Job Opportunities

With the increase use of computers to commit crimes and growing demand for computer-based data in civil proceedings, a need has rapidly developed for forensic experts to extract useful information from computer evidence. Both industry and government are eagerly looking for job candidates with computer forensics and security skills.

Graduates with Computer Forensics skills will possess the knowledge of systems, investigative techniques, and technical and presentation skills to produce and present digital evidence for investigation and legal proceedings. Related career paths include: Chief Security Officer, IT Security Administrator, Computer Forensics Examiner, Computer Forensics Analyst, Cybersecurity Consultant, e-Discovery Project Manager.


The College of Management (CM) will offer a new course in Computer Forensics in the Fall: Digital Forensics/Malware Analysis (IT 421) [see description below].  As a unique opportunity, we are offering this course to all CM and CSM students.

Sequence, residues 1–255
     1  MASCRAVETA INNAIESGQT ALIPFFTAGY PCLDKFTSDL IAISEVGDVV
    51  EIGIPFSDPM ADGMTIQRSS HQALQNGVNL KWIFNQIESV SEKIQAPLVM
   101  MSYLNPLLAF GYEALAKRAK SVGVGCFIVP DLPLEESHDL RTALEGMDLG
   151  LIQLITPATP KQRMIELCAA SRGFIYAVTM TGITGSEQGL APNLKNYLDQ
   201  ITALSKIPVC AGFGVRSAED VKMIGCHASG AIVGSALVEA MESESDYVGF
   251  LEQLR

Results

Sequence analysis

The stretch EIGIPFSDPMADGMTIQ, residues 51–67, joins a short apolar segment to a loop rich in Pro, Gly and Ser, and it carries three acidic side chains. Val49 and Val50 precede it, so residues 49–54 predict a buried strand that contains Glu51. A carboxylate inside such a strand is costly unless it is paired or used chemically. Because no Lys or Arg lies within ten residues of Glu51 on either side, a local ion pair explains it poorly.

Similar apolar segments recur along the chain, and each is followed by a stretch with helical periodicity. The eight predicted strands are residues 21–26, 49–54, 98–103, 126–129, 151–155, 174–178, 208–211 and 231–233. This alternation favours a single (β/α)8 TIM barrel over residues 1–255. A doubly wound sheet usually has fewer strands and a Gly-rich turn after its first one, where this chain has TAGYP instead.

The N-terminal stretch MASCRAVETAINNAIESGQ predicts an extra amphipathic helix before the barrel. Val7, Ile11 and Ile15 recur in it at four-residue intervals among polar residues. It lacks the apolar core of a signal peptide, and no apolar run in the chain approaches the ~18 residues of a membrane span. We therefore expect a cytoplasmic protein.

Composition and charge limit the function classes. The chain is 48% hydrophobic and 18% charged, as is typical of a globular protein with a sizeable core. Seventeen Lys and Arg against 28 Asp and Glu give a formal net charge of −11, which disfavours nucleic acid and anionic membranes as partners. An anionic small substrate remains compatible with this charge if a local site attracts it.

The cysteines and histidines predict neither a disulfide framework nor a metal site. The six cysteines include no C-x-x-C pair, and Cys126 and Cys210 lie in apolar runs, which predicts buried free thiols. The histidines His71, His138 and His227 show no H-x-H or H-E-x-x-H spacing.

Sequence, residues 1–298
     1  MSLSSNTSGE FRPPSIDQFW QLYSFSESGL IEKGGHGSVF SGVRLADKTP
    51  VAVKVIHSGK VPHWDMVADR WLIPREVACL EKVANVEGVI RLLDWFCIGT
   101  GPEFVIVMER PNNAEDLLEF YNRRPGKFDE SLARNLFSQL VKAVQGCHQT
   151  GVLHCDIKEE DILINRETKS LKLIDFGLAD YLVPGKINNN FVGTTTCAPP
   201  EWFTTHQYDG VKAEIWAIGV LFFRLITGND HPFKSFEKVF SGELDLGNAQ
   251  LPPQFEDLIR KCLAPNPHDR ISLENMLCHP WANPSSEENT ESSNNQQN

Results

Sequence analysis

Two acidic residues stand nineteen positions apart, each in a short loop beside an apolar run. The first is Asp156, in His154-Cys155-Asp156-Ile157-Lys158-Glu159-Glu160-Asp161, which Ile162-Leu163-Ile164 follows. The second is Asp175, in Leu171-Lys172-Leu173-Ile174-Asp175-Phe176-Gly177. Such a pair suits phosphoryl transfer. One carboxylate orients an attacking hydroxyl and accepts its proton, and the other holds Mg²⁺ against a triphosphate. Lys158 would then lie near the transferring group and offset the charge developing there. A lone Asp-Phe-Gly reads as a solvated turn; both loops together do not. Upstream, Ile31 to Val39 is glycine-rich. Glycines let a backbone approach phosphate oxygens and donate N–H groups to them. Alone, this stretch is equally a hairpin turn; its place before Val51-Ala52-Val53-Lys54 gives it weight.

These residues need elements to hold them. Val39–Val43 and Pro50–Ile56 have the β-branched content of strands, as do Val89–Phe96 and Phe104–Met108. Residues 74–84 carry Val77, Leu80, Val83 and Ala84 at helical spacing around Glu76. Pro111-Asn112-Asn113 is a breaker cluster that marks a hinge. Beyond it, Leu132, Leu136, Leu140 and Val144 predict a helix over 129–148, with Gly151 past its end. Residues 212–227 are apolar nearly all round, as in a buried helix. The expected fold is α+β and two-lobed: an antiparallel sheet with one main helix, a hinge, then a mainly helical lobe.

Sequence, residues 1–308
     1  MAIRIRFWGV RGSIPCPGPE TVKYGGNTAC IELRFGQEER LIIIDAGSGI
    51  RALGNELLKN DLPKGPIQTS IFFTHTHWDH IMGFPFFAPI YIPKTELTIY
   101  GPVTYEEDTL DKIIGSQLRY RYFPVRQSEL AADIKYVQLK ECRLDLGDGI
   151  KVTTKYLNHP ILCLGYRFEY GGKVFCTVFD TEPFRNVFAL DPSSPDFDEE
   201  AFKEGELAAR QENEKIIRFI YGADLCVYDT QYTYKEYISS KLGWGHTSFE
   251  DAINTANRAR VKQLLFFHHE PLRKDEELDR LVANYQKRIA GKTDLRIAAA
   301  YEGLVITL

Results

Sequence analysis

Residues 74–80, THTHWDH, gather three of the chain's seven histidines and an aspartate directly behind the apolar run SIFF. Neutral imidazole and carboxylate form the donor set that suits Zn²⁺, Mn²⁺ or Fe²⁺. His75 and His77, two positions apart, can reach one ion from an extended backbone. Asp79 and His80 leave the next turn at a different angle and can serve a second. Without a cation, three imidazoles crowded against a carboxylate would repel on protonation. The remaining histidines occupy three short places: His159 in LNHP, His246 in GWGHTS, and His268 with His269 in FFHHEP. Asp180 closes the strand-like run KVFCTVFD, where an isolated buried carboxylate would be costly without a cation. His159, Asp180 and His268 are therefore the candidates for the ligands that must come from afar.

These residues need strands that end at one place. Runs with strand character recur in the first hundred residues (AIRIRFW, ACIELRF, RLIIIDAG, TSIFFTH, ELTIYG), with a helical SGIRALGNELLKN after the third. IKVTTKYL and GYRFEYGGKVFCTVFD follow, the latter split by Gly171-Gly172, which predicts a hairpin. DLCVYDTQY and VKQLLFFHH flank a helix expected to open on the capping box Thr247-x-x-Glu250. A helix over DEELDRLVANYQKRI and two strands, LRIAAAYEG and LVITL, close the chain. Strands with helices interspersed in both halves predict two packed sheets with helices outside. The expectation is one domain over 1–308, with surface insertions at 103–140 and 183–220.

IT 421 – Digital Forensics/Malware Analysis

This course provides an introduction to advanced digital forensics topics relating to malicious software (malware) and its analysis. Malware (virus, worms, rootkits, spam. etc) represents an increasing information security threat to computer systems and networks. Students will review software engineering design fundamentals and reverse engineering techniques utilized to conduct static and dynamic forensic analysis on computer systems and networks on multiple platforms (e.g.Windows, Linux. etc). Students will learn about the importance of forensic principles, legal considerations, digital evidence controls, and documentation of forensic procedures in the context of malware. In addition, students will study remediation measures for malware infection.


Professor Jean-Pierre Kuilboer:

Professor Jonathan Kim: